The NHS Alliance has called for “complete transparency and financial accountability” from private bidders vying for a chance to set up the 100 new GP practices and 150 new GP-led health centres ordered by Health Minister Sir Ara Darzi in his interim report on the National Health Service.

Last month, Sir Ara laid out some immediate steps to be taken prior to the release of his final report next year to help move beyond the mere expansion of the Service and focus on delivering real benefits to patients as quickly as possible.

Central to this is an injection of new resources into primary care in areas with the poorest provision. Furthermore, a batch of new health centres, or polyclinics, in easily-accessible locations should offer a whole host of convenient services to patients, and primary care trusts must bring in new measures to help expand GP surgeries’ opening hours.

The Alliance has voiced its support for the provision of these new practices in areas of need as well as the planned new health centres, particularly as there is much evidence to suggest that mortality rates and health outcomes are affected by the doctor-patient ration as well as the provision of primary care, it said.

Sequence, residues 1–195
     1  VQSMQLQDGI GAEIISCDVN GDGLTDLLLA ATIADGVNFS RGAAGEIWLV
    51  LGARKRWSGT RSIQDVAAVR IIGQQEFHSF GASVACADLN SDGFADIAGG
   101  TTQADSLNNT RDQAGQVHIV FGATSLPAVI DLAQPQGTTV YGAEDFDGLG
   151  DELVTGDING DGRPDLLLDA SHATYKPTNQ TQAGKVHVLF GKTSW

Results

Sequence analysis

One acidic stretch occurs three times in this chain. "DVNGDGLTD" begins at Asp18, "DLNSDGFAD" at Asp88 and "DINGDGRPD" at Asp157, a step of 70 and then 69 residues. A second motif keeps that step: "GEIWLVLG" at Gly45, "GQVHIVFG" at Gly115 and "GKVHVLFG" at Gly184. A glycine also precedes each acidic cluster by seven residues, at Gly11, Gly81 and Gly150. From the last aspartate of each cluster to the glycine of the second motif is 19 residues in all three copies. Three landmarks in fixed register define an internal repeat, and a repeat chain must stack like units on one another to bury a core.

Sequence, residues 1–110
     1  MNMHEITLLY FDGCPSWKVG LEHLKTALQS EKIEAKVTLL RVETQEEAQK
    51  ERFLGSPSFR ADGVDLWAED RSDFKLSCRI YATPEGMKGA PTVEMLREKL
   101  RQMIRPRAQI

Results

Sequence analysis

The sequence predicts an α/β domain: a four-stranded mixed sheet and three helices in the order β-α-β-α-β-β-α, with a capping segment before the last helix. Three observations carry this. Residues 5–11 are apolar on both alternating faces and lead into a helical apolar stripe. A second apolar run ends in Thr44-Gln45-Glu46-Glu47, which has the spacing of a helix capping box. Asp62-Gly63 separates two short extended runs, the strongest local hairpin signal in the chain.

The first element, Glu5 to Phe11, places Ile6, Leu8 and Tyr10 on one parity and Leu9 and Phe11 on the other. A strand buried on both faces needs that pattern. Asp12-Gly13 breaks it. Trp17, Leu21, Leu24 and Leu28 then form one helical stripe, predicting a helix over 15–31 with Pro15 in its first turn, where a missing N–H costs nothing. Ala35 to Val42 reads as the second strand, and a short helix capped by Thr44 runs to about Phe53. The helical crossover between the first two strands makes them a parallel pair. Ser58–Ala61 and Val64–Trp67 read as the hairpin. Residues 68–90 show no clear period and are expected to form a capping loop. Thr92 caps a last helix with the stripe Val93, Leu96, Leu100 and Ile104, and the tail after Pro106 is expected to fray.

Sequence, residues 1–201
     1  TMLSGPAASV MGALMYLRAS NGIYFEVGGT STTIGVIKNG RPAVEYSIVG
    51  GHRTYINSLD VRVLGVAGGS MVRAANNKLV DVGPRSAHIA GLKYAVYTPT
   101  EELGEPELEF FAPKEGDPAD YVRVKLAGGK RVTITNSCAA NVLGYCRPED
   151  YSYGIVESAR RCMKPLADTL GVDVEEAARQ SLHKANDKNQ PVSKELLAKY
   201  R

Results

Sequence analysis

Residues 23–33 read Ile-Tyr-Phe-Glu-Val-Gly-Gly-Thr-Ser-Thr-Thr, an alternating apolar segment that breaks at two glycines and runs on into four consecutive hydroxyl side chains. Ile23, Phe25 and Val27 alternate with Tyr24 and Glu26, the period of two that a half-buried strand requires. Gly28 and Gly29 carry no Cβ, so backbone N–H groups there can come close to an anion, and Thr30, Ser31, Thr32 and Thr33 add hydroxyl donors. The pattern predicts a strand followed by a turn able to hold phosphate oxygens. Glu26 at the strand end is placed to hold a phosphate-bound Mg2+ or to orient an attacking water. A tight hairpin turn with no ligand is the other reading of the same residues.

Financial clarity
However, the organisation stressed in its position paper Primary care and GP access that commercial and third sector providers should operate on a level playing field with traditional NHS services, which includes offering the same clarity of finances.

“Commercial confidentiality should never be accepted as an excuse to keep secrets about how tax payers’ money is spent,” said NHS Alliance chairman Dr Michael Dixon, insisting that the same rules should apply across the board.

On a different note, the Alliance agrees that access to primary care “for a minority of patients” is in need of improvement, but that this relates to teams of healthcare professionals as opposed to just GPs.

Furthermore, it says the costs associated with extending opening hours – such as for increased staffing – should be funded by the primary care trust and not subsidised by the practice, given that PCTs hold legal responsibility for patient care.

The group stressed that extended hours should be voluntary and based on local patient need, and suggested collaborative working between smaller practices to help them deliver care during evenings and weekends.

Sir Ara Darzi’s final report is expected in June next year, just before the NHS celebrates its 60th birthday in July.